Should We Issue an Investment Manager RFP? 7 Key Considerations

September 21, 2020 |
1 minute read
|

Best practice for nonprofits is to issue a Request for Proposal (“RFP”) for an investment management partner every market cycle. Typically, that is at least every 7 to 10 years, or as it is explicitly defined in your Investment Policy Statement. Even if you hear angels sing every time you speak with your investment manager, it is important to maintain the discipline of issuing an RFP for a variety of reasons, including the following:

  1. The Laws Change

    The Uniform Prudent Management of Institutional Funds Act (“UPMIFA”) continues to expand and evolve. It is the guiding principle for all investment policy statements and boards. Currently, 49 states have adopted some version of UPMIFA (Pennsylvania and Puerto Rico are the exceptions).

  2. You Have More Options

    A few years ago, there were only two basic investment management options: an outsourced chief investment officer (“OCIO”) which maintains full discretion approach, or a traditional non-discretionary consultant. Today, these roles have blurred, and non-profits can choose exactly how involved they want to be in oversight of their portfolio across a full spectrum of choices.

  3. The Market Evolves

    Tempered capital market expectations are contributing to more interest in private investment strategies and to the potential for earning the illiquidity premium. At the same time, concerns over high fees have reduced interest in hedge funds and increased the use of passive strategies. Are you getting the best thinking on these trends from your advisor?

  4. Your Priorities Change

    Socially responsible, diversity, divestment from carbon, and impact investing for example, have all taken center stage over the last decade. Some, or all of these may also be relevant to your own nonprofit and finding alignment through your investment portfolio could be additive.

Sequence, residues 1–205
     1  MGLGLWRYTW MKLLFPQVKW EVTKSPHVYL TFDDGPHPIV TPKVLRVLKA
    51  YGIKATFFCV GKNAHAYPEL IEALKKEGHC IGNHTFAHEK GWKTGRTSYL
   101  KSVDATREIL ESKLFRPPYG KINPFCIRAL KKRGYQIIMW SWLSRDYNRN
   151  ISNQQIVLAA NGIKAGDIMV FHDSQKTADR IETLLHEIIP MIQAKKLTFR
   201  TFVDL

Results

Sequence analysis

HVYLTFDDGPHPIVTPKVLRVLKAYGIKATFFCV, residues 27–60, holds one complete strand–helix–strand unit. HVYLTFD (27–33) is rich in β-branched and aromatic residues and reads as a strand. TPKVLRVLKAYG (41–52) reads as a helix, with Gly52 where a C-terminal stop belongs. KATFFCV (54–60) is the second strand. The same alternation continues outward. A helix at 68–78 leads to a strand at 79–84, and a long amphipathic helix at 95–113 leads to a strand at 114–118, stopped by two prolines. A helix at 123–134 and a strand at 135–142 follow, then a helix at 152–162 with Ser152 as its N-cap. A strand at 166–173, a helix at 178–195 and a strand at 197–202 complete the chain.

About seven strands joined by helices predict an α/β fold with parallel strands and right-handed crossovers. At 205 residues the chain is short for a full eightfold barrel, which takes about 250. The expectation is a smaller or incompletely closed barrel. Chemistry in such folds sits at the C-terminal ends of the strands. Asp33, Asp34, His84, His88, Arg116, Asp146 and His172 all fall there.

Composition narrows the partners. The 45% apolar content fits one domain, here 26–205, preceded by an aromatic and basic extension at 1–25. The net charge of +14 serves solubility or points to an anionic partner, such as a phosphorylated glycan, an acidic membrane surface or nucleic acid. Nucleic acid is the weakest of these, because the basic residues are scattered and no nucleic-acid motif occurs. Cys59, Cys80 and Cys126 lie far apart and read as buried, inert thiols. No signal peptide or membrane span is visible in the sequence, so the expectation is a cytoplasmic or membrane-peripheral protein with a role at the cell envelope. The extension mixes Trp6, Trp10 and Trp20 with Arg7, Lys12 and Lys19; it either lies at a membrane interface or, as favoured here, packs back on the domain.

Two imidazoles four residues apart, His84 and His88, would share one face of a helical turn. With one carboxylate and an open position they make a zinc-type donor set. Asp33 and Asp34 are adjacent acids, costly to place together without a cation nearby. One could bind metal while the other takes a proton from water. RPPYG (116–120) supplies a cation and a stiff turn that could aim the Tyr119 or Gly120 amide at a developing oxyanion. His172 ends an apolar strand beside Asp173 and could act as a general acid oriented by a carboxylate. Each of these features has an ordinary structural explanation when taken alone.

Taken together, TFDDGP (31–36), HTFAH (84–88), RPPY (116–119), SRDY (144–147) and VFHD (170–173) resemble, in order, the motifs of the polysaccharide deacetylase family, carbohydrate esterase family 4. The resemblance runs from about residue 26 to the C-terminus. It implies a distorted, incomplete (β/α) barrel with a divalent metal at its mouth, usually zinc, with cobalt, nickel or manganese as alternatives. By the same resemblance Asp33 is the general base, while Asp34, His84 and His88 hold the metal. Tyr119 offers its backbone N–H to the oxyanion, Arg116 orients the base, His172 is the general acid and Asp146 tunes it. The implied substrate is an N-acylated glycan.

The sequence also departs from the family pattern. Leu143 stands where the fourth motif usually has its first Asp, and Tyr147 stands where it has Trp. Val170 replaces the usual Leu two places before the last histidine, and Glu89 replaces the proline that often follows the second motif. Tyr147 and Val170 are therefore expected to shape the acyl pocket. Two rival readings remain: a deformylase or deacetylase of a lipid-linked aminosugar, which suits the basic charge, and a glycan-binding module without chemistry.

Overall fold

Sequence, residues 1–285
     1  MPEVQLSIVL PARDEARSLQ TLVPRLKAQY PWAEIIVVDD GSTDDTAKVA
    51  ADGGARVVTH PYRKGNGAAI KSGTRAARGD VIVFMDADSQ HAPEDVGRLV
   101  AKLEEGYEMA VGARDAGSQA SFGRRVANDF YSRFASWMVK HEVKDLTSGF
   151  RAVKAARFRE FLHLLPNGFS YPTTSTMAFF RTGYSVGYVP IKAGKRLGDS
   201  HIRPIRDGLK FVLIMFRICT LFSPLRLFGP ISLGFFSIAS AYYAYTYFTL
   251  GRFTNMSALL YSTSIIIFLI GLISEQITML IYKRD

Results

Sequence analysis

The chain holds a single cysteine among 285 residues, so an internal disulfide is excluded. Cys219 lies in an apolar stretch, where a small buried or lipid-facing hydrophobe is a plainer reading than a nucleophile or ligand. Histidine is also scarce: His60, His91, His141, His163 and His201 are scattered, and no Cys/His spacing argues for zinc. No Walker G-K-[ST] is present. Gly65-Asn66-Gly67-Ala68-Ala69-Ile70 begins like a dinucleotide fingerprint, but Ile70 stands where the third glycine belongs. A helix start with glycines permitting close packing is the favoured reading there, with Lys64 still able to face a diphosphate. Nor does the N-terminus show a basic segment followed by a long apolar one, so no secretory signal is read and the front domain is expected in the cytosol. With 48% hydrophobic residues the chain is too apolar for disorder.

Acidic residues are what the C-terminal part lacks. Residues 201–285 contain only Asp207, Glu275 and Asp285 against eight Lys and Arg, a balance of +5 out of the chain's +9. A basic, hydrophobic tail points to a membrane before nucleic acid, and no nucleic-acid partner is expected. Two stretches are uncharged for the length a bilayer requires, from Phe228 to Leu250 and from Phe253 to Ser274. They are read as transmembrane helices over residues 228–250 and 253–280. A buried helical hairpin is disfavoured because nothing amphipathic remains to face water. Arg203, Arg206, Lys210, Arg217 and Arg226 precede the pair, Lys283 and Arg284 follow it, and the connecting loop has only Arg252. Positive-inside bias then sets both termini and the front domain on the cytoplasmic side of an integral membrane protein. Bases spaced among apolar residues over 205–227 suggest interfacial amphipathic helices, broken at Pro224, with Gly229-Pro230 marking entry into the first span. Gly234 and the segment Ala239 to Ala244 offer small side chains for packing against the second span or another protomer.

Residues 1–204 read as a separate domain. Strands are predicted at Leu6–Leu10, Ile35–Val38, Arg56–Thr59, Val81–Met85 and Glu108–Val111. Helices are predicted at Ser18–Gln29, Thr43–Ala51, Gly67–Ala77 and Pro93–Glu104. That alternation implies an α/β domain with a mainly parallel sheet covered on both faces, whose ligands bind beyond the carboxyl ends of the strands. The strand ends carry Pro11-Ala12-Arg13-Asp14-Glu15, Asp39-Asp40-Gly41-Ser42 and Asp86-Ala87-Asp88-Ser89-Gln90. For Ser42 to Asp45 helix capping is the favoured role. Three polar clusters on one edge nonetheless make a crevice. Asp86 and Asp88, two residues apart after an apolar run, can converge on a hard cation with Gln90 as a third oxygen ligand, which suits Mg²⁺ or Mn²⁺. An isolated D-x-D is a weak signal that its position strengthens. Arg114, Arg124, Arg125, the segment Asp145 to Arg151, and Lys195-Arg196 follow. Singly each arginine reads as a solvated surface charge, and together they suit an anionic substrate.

5. Fees Have Compressed

    You might be overpaying! Every dollar you save on manager fees and investment services can go to directly support your mission.

  6. Best Ideas

    Take the opportunity to take a step back to gather second opinions for your nonprofit. Even if you decide to maintain your current advisor relationship, you may benefit from a fresh perspective or insight gained through the process to make your nonprofit and your investment partnership stronger!

  7. A Fiduciary Responsibility

    Finally, prudent stewardship can be demonstrated by adhering to the discipline of routinely evaluating the options available in the marketplace for your nonprofit.

Issuing an RFP can be a daunting and time-consuming process, but in the end, it is an important discipline. This is the first blog in a two-part series on the RFP process. Next up, 10 Tips for Better RFPs.

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